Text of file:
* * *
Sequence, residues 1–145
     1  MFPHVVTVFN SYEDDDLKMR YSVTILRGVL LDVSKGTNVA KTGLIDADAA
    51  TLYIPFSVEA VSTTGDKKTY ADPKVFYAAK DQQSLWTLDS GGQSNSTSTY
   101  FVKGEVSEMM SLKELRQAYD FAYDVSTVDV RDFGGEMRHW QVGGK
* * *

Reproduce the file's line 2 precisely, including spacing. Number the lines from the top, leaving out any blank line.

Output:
     1  MFPHVVTVFN SYEDDDLKMR YSVTILRGVL LDVSKGTNVA KTGLIDADAA